I’ve been struggling to write about my travels to Richmond: I don’t know why, as the place has many interests, so whether it’s writers block or just tiredness after repeated visits across London I don’t know. So I’ve taken a short break away from my travels to help recharge my mental inspiration batteries. Who knows? But here we go again…please tell me if you think it’s something else…
This time to the south westerly corner of London and the leafy suburbia of Richmond. This will be the first of two visits to Richmond as it’s a terminus for both the District and the Overground lines. I don’t know if Richmond is classed as a town or village, but Wikipedia declares it to be a suburban Town – so there we have it.
Arriving at the station and exploring the immediate surrounds, I notice the station is betwixt Victorian metalwork and art deco architecture. Not unlike many of London’s stations built in the Victoriana hey-dey and added to in the 20’s and 30’s. Whatever your architectural preference, you can’t ignore some of the interesting designs and shapes of the old and new worlds that parade themselves around the station
Out of the station turning right I soon find myself at Richmond Athletic Ground, the home of Richmond Rugby Football Club (RFC) and London Scottish. I try and walk around the ground, but I’m politely asked to leave as the grounds are not open to the public. So I head in the direction of the nearest pub which overlooks the grounds, unsurprisingly named The Triple Crown Richmond, built originally under the name of The Tulip Tree in 1884 as can be seen on the inscription on the upper part of the building
Back to the heart of Richmond and its main shopping street, and you’re drawn to it’s cleanliness and tidiness, quality and upkeep of buildings and almost full occupancy of the main street shops with an overriding balance of independent shops in favour of the expected retail chains. All I believe an indication of Richmond’s prosperity and the community’s pride in its surroundings; the town has many side streets leading you westerly to Richmond Green, easterly towards religious buildings, and southerly to the river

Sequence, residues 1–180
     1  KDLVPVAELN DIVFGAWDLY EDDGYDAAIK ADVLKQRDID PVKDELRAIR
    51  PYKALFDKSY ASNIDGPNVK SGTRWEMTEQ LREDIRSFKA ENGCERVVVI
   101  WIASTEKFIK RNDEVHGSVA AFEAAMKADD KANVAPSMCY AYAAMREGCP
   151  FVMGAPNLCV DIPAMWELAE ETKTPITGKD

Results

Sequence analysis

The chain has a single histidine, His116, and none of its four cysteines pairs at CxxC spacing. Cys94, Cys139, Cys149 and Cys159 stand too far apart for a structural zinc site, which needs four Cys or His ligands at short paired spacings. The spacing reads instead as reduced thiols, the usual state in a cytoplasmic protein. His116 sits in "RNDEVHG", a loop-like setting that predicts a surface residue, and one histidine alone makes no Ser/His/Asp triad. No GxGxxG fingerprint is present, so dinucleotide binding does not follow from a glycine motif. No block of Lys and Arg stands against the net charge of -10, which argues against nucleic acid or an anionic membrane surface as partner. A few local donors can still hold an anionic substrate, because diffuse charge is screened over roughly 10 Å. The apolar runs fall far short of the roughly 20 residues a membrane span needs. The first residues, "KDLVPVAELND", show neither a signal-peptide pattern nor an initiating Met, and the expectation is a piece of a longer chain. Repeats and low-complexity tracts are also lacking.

Some notable attractions that caught my attention included a children’s bookshop, The Alligators Mouth; a new coffee shop about to open, Kiss the hippo coffee; Brewers Lane, a pedestrian alley full of bijou and artisan shops; and Richmond Theatre, which was on the day of my visit preparing for a George Michael tribute concert.
A brief mention of some of the religious building I passed. Firstly, St John The Divine which is situated adjacent to the Metropolitan Police and the First Church of Christ Scientist Richmond, a large imposing building overlooking Sheen Road. I also spent some time in and around St Mary Magdalene CofE Church where I was introduced enthusiastically to the intricate renovation works and choristers by Ruth, one of the church helpers and choir member. I’m grateful to Ruth for peaking my interest in the history of both Church and choirs, and being shown the delightful and colourful needle-craft work of the Royal School of Needlework Hampton Court Palace, a recent gift to the church, and the origami dove display. For those interested in the choir and its history, here are some related websites you may wish to explore further: StMarymagdalenechoir.co.uk; Saintmartinsingers.org and Choralevensong.org.
Some of the interesting, or architecturally curious properties that caught my eye included Michels Row, No. 7 Lower Mortlake Road, Spencer House at 23 Sheen Road, and The Gateways in Park Road. And during this time, I stopped and chatted with Richard, a delivery driver who explained he was on a Tacho break; and later in the day I stopped to feed Cooper, a fox red labrador pup who was being walked and trained by his owner. The route also took me past Hogarth House where Leonard and Virginia Wolf lived for nine years and founded the Hogarth Press in 1917. Sadly, an empty office building now.
You can’t ignore some of the attractive pubs whilst walking around, and a brief mention before heading to the river. The Sun Inn tucked out of the way at the northern end of the town; The Railway Tavern outside the station and beautifully adorned with bedding plants, and The Old Ship, on the approach to the river
On the day of visiting, it was a glorious sunny day, giving rise to many an opportunity for locals and visitors to sit on the banks with a drink and/or ice cream enjoying the view of the calm river traffic and of those brave enough to take to a rowing boat. An appropriate place to rest my weary feet and share in the delights…
For more info, look up Richmond on Wikipedia
Picture of the Day
This is a delightful narrow street of bijou style shops: Brewers Lane. A busy lane for the casual browser and attractive for the tourists no doubt intrigued by the array of advertising signs and banners all fighting for their own space and attention.
The decorative lights, strung across the lane will no doubt increase the attractiveness of the lane, but in broad daylight, it casts a net, as a canopy, over the area.
I’d originally planned to crop out the shoppers and browsers to focus on the shop signs, but on reflection decided to keep them in as they give more meaning and sense of purpose to the picture’s composition.
Settings: Camera – Canon EOS 200D; Aperture – ƒ5.6; Shutter Speed – 1/200; Focal Length – 55mm; Film Speed – ISO250; Google Photo Filter – Palma